According to the report, offshore oil rigs are treated as ships and routinely register overseas, a move that can elude safety laws and inspection standards in the United States.
In the case of Deepwater Horizon, the newspaper reports, the oil rig was built in South Korea, operated by a Swiss company contracted by BP and registered with the Marshall Islands.
Special Section: Disaster in the Gulf
The international loophole is now emerging as a central factor that led to the worst environmental disaster in U.S. history. Lawmakers are taking notice.
"Today, these oil rigs can operate under different, very minimal standards of inspection established by international maritime treaties," said Rep. James L. Oberstar (D-Minn.), chairman of the House Transportation Committee.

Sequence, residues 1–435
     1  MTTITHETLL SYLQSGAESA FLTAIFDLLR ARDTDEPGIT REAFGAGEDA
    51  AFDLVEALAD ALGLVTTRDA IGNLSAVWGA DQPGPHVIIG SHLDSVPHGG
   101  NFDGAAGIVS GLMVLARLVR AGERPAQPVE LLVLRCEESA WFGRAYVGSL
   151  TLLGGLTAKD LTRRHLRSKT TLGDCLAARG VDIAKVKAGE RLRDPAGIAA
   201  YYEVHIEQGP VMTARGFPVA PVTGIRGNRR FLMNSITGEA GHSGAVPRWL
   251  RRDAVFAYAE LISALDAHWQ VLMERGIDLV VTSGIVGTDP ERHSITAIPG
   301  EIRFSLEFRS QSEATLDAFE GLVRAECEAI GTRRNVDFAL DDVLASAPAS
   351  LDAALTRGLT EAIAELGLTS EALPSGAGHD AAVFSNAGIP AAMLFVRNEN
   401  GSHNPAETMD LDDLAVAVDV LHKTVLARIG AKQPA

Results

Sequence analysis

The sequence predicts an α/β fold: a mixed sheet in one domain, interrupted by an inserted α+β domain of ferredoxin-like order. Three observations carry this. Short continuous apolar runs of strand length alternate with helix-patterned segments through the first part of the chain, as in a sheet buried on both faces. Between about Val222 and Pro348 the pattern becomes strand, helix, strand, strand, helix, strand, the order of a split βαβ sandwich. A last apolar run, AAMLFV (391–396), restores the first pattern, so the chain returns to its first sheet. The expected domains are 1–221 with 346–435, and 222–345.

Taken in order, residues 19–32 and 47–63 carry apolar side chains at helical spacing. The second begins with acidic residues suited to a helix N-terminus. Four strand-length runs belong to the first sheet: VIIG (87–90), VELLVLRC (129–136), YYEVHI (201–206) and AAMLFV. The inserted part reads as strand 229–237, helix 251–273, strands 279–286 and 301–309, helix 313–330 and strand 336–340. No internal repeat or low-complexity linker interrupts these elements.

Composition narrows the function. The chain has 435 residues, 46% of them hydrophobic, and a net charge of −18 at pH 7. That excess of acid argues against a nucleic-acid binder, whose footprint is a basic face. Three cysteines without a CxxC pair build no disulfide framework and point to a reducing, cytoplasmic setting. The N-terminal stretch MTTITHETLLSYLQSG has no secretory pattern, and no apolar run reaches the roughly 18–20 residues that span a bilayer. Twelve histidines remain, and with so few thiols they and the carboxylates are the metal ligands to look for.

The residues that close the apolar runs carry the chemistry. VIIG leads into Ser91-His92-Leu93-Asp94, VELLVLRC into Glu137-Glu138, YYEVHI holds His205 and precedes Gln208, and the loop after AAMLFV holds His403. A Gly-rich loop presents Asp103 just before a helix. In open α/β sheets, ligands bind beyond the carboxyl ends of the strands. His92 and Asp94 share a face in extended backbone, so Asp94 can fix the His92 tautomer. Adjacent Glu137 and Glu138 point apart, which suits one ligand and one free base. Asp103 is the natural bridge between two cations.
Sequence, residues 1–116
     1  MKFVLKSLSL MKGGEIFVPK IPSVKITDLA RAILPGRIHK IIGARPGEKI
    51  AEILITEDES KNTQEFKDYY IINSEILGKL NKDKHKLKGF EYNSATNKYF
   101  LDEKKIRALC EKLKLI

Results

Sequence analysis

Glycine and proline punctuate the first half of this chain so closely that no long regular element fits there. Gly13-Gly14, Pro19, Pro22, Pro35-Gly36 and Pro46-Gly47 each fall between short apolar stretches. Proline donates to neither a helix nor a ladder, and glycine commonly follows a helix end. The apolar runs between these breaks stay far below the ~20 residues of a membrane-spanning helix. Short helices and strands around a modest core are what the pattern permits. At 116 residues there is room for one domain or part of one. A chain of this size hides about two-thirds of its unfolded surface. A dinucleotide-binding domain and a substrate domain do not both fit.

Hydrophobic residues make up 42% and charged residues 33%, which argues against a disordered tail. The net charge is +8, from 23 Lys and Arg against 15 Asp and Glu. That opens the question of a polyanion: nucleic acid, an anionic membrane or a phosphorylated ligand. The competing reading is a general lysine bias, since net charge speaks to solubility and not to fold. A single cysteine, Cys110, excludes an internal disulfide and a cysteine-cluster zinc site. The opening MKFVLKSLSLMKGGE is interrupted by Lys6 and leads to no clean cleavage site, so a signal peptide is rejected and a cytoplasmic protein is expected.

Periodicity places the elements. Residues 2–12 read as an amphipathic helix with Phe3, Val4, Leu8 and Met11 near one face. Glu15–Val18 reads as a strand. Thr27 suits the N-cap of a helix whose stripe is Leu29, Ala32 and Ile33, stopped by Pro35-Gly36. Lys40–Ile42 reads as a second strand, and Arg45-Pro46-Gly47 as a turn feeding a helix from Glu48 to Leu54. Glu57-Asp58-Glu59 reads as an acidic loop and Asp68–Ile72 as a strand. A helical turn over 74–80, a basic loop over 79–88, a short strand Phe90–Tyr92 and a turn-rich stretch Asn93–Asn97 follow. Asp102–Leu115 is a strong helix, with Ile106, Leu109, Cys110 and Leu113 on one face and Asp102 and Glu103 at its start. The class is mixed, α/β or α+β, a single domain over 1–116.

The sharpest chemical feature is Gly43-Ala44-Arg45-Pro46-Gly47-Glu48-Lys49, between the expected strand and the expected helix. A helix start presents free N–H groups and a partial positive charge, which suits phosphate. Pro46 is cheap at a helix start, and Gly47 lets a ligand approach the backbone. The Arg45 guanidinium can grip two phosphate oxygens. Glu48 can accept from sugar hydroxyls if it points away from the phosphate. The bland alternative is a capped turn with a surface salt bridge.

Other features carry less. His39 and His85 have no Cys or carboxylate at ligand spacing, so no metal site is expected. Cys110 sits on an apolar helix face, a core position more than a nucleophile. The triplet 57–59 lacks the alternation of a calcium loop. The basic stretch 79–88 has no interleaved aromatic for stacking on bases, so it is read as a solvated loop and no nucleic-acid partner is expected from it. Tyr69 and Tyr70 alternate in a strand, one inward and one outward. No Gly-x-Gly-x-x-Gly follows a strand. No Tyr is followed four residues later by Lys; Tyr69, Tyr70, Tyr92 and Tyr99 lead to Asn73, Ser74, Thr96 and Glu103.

The convoluted hodgepodge of responsibility, drilling experts say, fostered a confusing chain of command on Deepwater Horizon, which may have contributed to the disaster, according to the newspaper.
According to the L.A. Times, the Marshall Islands assigned the Deepwater Horizon to a category that allowed lower staffing levels. At least one survivor of the Deepwater blast said that understaffing jeopardized the safety of the oil rig.
"Over the years, the manning dwindled down and down," said Douglas Harold Brown, who was the oil rig's chief mechanic. "I believe that safety was compromised by this."
Read the entire L.A. Times report here
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Oil Drowning Small Businesses
11-Year-Old Draws for Gulf Relief
Oil Spill Underwater Sensors to Gauge Flow
BP Speeds up Containment Plan for Gulf Oil Spill
Govs: Media Over-Hyping Extent of Spill Damage
Allen: Oversight Needed of BP's Claim Payments